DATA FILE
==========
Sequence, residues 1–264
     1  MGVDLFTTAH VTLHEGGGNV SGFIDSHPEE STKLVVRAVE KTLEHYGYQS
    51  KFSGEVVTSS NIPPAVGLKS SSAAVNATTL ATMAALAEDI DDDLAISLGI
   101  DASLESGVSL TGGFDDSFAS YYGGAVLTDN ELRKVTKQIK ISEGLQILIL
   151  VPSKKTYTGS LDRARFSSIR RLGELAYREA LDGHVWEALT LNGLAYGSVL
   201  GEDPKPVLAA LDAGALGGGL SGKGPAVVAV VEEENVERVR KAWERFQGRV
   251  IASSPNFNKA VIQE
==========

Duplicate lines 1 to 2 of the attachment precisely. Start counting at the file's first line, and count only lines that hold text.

Sequence, residues 1–264
     1  MGVDLFTTAH VTLHEGGGNV SGFIDSHPEE STKLVVRAVE KTLEHYGYQS